Call 1800 880 660
Victorian Parenting Centre
Call (03) 9639 4111
Maternal and child health service
Victoria’s maternal and child health (MCH) service supports your family with parenting help and by monitoring the health and development of your baby or toddler. The service can also give you referrals to other professionals and link you with other families in your local community.The MCH service offers:
- 10 appointments at key ages and stages for you and your child where you are encouraged to talk about your concerns and your parenting experiences
- information and advice about improving your child’s health, growth and development
- an opportunity to meet other parents and to link with community groups in your area.
Support for Aboriginal familiesAboriginal families are welcome at all early childhood services and kindergarten programs, where Aboriginal culture will be valued and respected. However, there are also family and parenting services specifically designed for Aboriginal families.
The offers culturally appropriate support during pregnancy and child birth. Under the program, you will be cared for by an Aboriginal maternity health worker and a midwife during pregnancy and for the weeks after you give birth. Your Aboriginal health worker can then link you to other service providers if needed.
This program is a partnership between the (VACCHO) and Victorian Aboriginal community-controlled organisations throughout Victoria.
For more information, visit the Department of Health & Human Services .
The In Home Support program follows on from the Koorie Maternity Service by working with you in a culturally respectful way to improve your child’s health, development, learning and wellbeing up until your child is three years old. There are currently six Aboriginal organisations delivering the In Home Support Program in Bairnsdale, Fitzroy, Geelong, Mildura, Shepparton and Swan Hill.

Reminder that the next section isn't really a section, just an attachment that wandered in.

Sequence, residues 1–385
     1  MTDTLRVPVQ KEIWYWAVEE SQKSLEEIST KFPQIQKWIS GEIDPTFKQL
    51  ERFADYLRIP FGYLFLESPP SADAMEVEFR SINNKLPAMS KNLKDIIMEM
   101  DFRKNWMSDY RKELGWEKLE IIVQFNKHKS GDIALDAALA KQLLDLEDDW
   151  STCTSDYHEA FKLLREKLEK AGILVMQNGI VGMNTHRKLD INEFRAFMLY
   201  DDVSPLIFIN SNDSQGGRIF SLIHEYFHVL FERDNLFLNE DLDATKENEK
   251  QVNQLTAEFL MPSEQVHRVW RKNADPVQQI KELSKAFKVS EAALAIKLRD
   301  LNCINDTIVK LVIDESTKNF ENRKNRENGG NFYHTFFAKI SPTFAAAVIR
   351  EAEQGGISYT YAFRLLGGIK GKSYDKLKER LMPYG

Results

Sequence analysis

The Home Based Learning Program builds on the work of the In Home Support Program by helping your family in the next stage of your child’s development – up to five years old. There are currently two Home Based Learning Programs based in Mildura and Swan Hill.
For more information visit the website.
In addition, the Victorian Government provides a range of specific services to support Aboriginal children living away from their parents.
Child FIRST and family services
The Department of Health & Human Services funds the Child FIRST and family services to provide support and assistance to vulnerable children, young people and their families in cases where there are concerns about the wellbeing of the child or young person (0–17 years, including an unborn child), or their family.
Child FIRST (Child and Family Information, Referral and Support Teams) have been established at 24 sites across Victoria to provide an entry point into family services or other support services for vulnerable children and families. A referral to Child FIRST may be the best way of connecting vulnerable children, young people and their families to the services they need to protect and promote a healthy development.
Anyone with a concern for a child or family can .
Services for young peopleWhen things are not going well at home, or if personal issues are getting on top of you, teenagers can call headspace () for advice and support. The headspace counsellors are specially trained to deal with family issues from a young person’s perspective.
If you would prefer to go online, the website provides practical information, tools and support to young people to manage everything from everyday troubles to really tough times.
Services for culturally and linguistically diverse children and familiesCultural or language issues can put up a barrier, whether real or imagined, between culturally and linguistically diverse Victorians and some service providers.
VICSEG is a Victorian community organisation that offers a range of family mentoring programs for culturally and linguistically diverse Victorians. VICSEG can help empower you and your family to navigate the child and family service systems and to access supports, facilities and resources for parents and children. The programs support families to confidently participate in child and family services and to take part in activities to support your child’s development and your understanding of parenting in Australia. For more information visit the website.
For Victorians wanting to access mainstream family support services but who are not confident with English, you can access interpreter services either in person, over the phone or via videoconferencing. Simply tell your service provider that you would like an interpreter, specifying the dialect you speak (if relevant) and if you have a preference for a male or female interpreter.
Helplines and telephone counselling services for children and familiesThe Australian and Victorian governments fund a number of telephone helplines for families who need support or advice.
Where to get help
- Your doctor